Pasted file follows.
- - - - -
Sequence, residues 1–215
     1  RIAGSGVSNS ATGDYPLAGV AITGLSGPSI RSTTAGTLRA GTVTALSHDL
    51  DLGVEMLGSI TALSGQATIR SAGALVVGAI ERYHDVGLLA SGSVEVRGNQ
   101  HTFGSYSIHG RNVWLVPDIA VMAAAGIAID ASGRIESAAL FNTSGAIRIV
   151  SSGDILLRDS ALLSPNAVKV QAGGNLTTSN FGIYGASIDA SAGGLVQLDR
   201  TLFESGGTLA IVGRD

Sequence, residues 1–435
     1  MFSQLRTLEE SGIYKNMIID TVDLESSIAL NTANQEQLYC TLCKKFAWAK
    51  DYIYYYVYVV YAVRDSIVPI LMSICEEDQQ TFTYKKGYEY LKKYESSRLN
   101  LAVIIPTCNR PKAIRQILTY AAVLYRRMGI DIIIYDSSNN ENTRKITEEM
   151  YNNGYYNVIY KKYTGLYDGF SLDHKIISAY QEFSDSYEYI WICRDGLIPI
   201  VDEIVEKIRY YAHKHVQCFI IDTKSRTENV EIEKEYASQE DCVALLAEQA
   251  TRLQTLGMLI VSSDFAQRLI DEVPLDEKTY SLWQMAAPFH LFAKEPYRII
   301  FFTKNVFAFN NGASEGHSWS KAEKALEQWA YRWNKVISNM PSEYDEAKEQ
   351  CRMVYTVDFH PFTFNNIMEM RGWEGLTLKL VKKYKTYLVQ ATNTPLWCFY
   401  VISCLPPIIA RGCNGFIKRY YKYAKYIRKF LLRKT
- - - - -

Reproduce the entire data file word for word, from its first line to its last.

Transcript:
Sequence, residues 1–215
     1  RIAGSGVSNS ATGDYPLAGV AITGLSGPSI RSTTAGTLRA GTVTALSHDL
    51  DLGVEMLGSI TALSGQATIR SAGALVVGAI ERYHDVGLLA SGSVEVRGNQ
   101  HTFGSYSIHG RNVWLVPDIA VMAAAGIAID ASGRIESAAL FNTSGAIRIV
   151  SSGDILLRDS ALLSPNAVKV QAGGNLTTSN FGIYGASIDA SAGGLVQLDR
   201  TLFESGGTLA IVGRD

Sequence, residues 1–435
     1  MFSQLRTLEE SGIYKNMIID TVDLESSIAL NTANQEQLYC TLCKKFAWAK
    51  DYIYYYVYVV YAVRDSIVPI LMSICEEDQQ TFTYKKGYEY LKKYESSRLN
   101  LAVIIPTCNR PKAIRQILTY AAVLYRRMGI DIIIYDSSNN ENTRKITEEM
   151  YNNGYYNVIY KKYTGLYDGF SLDHKIISAY QEFSDSYEYI WICRDGLIPI
   201  VDEIVEKIRY YAHKHVQCFI IDTKSRTENV EIEKEYASQE DCVALLAEQA
   251  TRLQTLGMLI VSSDFAQRLI DEVPLDEKTY SLWQMAAPFH LFAKEPYRII
   301  FFTKNVFAFN NGASEGHSWS KAEKALEQWA YRWNKVISNM PSEYDEAKEQ
   351  CRMVYTVDFH PFTFNNIMEM RGWEGLTLKL VKKYKTYLVQ ATNTPLWCFY
   401  VISCLPPIIA RGCNGFIKRY YKYAKYIRKF LLRKT